Thursday, January 21, 2021

Firin' Biden

The Joe Biden administration has already begun with a bit more fire than the "sleepy Joe" chanting GOP had probably hoped for. Among the moves they made on day one came the termination of several particularly noxious Trump-era holdovers. This is big news, if no other reason than it suggests that Biden will not, contra the fears of some, allow Republicans to have their cake and eat it too on the question of norms. Trump shattered norms for four years without nary a peep of complaint, and Biden does not appear interested in unilateral disarmament.

That's clearly a necessary move, and I applaud him for it. If the risk of Biden was that he'd be too enamored with the old model of Washington where gosh-golly we just play nice with one another and agreements will be made over some cocktails, the reward would be that he's a savvy enough DC insider to know when to play hardball. Indeed, while it's certainly too early to make such judgments, I'm feeling a faint burbling of hope that Biden might mimic Terry McAuliffe in Virginia -- the seemingly boring party man who punched way above his weight in terms of pushing an aggressive progressive agenda forward.

That's all good news for the immediate future. But what about the downstream effects? Who benefits if incoming presidential administrations feel more free to terminate the seemingly "burrowed" figures from the previous administration?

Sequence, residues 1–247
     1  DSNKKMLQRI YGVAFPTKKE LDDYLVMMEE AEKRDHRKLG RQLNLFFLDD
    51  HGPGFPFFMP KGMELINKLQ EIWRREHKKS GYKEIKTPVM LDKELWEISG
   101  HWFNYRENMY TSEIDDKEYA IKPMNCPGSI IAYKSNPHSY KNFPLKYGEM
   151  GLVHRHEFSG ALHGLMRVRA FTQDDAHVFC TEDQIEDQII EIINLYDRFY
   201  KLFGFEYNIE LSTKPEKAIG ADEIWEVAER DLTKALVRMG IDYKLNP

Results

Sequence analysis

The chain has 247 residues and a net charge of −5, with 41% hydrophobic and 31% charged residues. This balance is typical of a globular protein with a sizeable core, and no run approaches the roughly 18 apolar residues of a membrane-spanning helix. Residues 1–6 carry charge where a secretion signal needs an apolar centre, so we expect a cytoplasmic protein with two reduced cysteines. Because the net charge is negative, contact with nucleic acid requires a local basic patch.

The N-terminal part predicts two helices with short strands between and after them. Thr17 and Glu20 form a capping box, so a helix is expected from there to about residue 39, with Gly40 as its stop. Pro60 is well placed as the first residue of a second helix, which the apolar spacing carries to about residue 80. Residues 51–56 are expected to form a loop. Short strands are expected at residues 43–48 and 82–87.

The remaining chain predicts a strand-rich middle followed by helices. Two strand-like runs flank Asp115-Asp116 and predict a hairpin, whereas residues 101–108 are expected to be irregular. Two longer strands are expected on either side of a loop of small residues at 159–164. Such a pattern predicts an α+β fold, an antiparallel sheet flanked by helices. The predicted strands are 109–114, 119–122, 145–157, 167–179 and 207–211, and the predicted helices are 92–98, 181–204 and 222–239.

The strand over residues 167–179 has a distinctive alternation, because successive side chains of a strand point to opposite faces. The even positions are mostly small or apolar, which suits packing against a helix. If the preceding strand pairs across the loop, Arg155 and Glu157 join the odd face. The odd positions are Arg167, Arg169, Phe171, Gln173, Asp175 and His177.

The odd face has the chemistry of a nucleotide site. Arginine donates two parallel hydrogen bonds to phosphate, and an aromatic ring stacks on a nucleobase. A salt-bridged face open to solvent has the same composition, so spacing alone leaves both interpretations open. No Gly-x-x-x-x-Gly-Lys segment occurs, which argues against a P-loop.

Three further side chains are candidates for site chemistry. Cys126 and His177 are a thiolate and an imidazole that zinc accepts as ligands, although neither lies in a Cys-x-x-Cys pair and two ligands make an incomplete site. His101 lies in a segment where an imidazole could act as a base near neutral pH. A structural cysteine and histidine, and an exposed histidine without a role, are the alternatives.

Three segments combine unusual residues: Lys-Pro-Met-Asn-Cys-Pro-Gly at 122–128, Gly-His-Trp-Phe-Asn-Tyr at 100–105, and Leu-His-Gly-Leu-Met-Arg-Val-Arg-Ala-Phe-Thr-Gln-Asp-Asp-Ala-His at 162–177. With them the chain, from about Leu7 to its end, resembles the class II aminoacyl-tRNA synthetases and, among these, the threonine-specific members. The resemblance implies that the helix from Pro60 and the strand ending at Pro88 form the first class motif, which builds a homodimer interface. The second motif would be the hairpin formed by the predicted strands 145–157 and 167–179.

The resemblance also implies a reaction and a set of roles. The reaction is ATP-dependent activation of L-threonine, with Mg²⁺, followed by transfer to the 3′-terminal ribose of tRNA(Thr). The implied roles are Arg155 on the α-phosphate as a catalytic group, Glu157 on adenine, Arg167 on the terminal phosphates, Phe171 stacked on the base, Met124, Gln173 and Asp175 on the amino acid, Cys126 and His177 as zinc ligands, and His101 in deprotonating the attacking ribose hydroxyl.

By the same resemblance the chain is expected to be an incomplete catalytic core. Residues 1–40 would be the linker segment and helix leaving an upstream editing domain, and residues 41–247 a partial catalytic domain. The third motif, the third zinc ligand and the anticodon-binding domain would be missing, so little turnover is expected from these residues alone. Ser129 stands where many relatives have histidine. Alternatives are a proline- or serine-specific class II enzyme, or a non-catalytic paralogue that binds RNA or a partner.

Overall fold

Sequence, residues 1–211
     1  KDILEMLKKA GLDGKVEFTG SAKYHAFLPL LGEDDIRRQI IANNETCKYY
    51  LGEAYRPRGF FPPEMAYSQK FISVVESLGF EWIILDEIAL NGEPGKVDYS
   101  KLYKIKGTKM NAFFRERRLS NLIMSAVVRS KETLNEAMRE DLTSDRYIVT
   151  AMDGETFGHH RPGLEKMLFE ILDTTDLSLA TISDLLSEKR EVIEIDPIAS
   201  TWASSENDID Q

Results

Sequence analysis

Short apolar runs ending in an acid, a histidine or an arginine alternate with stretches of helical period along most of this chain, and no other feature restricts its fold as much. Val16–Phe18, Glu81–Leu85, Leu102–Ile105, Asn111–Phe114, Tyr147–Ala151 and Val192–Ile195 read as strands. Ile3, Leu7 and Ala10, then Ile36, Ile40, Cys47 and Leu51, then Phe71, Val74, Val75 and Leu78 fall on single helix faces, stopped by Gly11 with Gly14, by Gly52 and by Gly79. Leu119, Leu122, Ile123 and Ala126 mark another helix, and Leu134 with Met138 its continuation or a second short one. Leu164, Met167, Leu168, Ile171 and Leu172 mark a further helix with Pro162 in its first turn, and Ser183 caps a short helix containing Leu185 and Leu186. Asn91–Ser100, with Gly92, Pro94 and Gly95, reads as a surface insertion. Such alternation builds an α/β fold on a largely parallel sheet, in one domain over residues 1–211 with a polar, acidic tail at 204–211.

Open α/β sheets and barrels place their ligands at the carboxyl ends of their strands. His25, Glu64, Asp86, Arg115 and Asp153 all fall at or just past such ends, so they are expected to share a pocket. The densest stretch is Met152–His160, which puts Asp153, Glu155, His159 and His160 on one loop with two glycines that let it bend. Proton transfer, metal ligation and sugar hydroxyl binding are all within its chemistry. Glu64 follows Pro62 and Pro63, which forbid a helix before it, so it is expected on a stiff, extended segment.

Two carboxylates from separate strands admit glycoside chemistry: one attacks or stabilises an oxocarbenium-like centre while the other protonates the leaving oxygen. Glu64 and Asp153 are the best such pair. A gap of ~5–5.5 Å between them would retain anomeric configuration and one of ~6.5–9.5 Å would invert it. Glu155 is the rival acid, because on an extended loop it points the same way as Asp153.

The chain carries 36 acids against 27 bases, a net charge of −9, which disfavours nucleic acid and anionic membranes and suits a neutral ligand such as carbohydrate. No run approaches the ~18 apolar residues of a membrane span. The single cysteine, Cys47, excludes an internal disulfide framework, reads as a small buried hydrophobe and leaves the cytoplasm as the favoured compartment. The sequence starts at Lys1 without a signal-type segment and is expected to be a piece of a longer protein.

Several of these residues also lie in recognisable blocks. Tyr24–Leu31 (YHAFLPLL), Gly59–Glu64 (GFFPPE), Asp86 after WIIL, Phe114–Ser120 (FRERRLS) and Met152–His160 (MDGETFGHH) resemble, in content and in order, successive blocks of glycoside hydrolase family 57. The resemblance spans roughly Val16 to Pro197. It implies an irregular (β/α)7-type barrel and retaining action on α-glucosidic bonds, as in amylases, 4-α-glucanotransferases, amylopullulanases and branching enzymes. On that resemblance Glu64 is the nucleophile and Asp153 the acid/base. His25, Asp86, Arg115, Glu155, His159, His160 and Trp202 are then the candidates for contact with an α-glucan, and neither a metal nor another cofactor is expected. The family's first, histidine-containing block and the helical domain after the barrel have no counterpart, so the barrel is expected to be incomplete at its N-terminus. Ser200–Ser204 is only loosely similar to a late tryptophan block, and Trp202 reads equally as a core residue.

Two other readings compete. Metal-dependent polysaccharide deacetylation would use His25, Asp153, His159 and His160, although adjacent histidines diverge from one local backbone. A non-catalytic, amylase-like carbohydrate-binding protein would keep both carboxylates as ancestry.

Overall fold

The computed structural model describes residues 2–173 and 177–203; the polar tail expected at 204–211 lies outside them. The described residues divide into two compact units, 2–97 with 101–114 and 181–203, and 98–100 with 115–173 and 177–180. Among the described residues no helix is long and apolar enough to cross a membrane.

One of the main drawbacks to doing these sorts of terminations is that they leave gaps in the federal bureaucracy which are (temporarily, at least) filled by essentially whichever career civil servant happens to be next in line. The argument that the new normal favors Democrats would be that basically competent and conscientious bureaucrats are more likely to be at least amenable to Democratic priorities compared to Republican ones, and so the "empty" time will be less costly. The argument in favor of the Republicans is that Democrats generally need a fully functioning bureaucracy running on all cylinders to achieve their aims, whereas Republicans -- at least in their more nihilist moods -- can "achieve" their desires simply by allow things to fall apart.

Which will it be? Hopefully we won't find out, because hopefully the GOP will be in the political wilderness for a long, long time.

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